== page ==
By A. W Brian Simpson. Oxford: Clarendon Press. 1992. Pp. x, 453. $62.
During World War II, Great Britain, like the United States and, I imagine, every other belligerent nation and doubtless many neutral ones as well -- imprisoned a number of its own citizens (not to mention aliens) without lodging criminal charges against them. Brian Simpson, the versatile, distinguished, and prolific English legal historian and jurisprudent now teaching at the University of Michigan Law School, tells the story of Britain's use of executive detention during World War II with his accustomed combination of wit, panache, an eye for the vivid and telling detail, narrative vigor and clarity, and tenacious burrowing in archives and survivors' (or their descendants') memories.(1)
The legal vehicle for the program of detention was a regulation, denoted Regulation 18B, promulgated by the Cabinet pursuant to an emergency defense bill passed by Parliament a week before Germany invaded Poland in 1939. The regulation had been drafted much earlier, however; it was in fact an updated version of a regulation that had authorized executive detention in World War I and in troubled periods in Ireland. As amended shortly after the outbreak of World War II, Regulation 18B authorized the Home Office, which corresponds roughly to our Department of Justice, to detain any person upon "reasonable cause to believe" that he was "of hostile origin or associations or to have been recently concerned in acts prejudicial to the public safety or the defence of the realm or in the preparation or instigation of such acts."(2) The person detained was entitled to make "objections" to an advisory committee appointed by the Home Office, and the chairman of the committee was required "to inform the objector of the grounds on which the order [of detention, or other restriction] ha[d] been made and to furnish him with such particulars as [were] in the opinion of the chairman sufficient to enable him to present his case" (p. 425). After hearing the objector's case, the advisory committee would advise the Home Secretary whether to continue or lift the detention order. The regulation contains no reference to judicial review.
A total of 1847 detention orders were executed under Regulation 18B, of which 1145 were against "straightforwardly British citizens" (p. 223) as distinct from aliens, persons who had been born in nations with which Britain was at war, or persons of uncertain nationality. The vast majority of the orders were issued in May, June, and July of 1940, the nadir of Britain's fortunes in the war; the peak month was June, when 826 orders were issued, although not all were executed. The names of persons to be detained were supplied to the Home Office by the Security Service, commonly known as MI5.(3) The Home Secretary reviewed the Security Service's recommendation, though often perfunctorily, and if the recommendation was approved, the person to be detained was immediately arrested, without any warning, and imprisoned. If the detained person filed an objection, he was given a hearing before an advisory committee, though often not for several months. He could be advised by a lawyer, but the lawyer was not permitted to attend the hearing. The advisory committees were composed of distinguished private citizens; the chairmen were lawyers. Often, as a result of the hearing, the committee would recommend to the Home Office that the detained person be released, and these recommendations, though often opposed by the Security Service, were generally followed. Most detainees were released after some months; very few were held to the end of the war. Some challenged their detention in court, mainly by habeas corpus proceedings. These challenges were uniformly unsuccessful.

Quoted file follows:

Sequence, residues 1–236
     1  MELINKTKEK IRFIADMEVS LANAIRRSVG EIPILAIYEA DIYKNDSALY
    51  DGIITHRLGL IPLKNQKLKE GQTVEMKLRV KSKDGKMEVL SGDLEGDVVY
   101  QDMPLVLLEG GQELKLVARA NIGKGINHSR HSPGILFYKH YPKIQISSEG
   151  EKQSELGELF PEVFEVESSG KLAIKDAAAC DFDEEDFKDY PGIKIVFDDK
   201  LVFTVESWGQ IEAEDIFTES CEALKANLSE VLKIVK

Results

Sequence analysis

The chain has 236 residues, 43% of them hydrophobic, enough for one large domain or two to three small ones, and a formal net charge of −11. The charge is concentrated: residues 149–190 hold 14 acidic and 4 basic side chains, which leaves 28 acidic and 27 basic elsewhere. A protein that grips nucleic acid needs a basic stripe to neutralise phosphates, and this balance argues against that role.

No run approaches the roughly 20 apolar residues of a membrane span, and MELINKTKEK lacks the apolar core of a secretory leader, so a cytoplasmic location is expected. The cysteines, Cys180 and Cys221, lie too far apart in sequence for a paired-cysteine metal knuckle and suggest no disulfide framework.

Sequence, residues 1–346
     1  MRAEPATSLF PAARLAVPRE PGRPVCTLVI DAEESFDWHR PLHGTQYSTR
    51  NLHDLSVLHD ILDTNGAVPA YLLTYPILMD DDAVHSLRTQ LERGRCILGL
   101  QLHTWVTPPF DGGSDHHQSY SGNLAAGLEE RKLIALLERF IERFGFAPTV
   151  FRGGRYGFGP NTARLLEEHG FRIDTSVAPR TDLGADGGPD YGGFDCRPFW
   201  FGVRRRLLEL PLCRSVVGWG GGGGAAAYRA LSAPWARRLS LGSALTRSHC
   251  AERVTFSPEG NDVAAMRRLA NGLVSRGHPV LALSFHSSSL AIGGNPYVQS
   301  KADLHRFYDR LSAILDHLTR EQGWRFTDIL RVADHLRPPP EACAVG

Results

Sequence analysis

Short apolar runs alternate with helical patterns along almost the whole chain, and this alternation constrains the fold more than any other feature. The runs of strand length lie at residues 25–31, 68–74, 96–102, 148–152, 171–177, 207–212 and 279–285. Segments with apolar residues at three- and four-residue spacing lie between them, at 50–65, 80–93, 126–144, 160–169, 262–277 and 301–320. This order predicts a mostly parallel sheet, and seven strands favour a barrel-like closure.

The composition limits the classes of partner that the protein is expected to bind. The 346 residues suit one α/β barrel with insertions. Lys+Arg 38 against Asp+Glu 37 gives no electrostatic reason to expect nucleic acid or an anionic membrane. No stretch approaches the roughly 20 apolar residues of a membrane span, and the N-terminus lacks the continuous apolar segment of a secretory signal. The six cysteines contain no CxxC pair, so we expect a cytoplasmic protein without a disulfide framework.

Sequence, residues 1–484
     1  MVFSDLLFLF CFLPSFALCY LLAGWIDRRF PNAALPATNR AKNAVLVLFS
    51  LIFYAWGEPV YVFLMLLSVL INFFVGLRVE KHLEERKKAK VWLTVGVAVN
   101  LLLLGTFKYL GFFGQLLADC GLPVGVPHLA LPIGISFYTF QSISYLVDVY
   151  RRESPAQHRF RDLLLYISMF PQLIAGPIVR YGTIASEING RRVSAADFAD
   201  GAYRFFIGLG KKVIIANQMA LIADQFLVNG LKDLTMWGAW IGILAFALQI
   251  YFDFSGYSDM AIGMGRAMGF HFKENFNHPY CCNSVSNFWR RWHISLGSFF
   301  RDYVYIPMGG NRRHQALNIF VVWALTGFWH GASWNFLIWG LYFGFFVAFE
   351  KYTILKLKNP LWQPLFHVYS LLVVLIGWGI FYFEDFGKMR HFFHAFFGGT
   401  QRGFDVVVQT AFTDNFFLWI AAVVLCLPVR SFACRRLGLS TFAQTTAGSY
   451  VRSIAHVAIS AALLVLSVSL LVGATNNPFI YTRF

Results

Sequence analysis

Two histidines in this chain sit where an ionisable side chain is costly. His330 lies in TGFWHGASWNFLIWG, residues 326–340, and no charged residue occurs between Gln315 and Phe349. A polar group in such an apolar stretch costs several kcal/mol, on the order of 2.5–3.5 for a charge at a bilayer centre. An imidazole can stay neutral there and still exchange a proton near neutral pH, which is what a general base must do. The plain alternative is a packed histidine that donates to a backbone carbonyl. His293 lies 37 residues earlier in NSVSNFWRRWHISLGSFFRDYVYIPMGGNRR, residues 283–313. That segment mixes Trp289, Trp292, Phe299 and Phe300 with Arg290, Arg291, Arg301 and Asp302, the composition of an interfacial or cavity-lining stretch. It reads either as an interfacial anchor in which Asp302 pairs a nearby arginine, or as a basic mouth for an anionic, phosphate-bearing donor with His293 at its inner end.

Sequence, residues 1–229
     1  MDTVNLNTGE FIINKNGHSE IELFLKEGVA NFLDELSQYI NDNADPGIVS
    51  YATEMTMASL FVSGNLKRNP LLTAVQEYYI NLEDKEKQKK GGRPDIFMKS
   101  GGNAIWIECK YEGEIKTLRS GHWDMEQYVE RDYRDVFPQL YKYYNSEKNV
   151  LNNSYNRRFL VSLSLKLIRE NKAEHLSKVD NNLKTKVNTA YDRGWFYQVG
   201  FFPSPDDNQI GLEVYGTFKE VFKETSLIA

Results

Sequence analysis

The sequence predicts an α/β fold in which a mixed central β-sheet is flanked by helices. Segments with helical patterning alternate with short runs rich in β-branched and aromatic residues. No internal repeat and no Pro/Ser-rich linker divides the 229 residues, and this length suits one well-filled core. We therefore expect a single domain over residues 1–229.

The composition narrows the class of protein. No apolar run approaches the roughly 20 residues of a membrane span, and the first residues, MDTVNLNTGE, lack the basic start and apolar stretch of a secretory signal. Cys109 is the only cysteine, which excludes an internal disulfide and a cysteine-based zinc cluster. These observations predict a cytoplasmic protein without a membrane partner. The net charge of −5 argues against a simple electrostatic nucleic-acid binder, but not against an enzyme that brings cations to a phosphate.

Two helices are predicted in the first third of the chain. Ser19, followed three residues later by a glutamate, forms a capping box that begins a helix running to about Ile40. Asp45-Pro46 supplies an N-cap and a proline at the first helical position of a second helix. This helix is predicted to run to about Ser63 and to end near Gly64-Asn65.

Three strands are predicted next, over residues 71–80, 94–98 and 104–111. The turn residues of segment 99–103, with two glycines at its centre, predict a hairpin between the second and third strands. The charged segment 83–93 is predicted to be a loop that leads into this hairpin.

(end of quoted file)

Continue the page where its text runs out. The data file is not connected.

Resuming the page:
The largest group of citizen detainees were members or ex-members of the British Union of Fascists (BU), headed by Sir Oswald Mosley (he and his wife were among the detainees), or of other pro-Nazi or fascist associations. Among the persons detained were a Member of Parliament, a retired admiral, and a peer. The Security Service believed that the people it wanted detained represented a potential Fifth Column that would erode the British will to fight and, in the event of a German invasion, assist the German army. In retrospect it is apparent that the Security Service greatly exaggerated the danger of Fifth Column activity in Britain. The potential Fifth Columnists were few, and the vast majority of them were harmless cranks given to anti-Semitism and "nostalgic veteranism" (p. 116); one of the BU's front organizations was the London and Provincial Anti-Vivisection Society, and after his release one of the detainees composed an autobiography that he entitled Out of Step: Events in the Two Lives of an Anti-Jewish Camel Doctor. Even the leaders and hard-core members of the BU were, with only a few exceptions, loyal to their country, though prone to admire Germany and to criticize Britain for having entered the war on the side of France and Poland. "That there was never any real need to lock most detainees up is simply...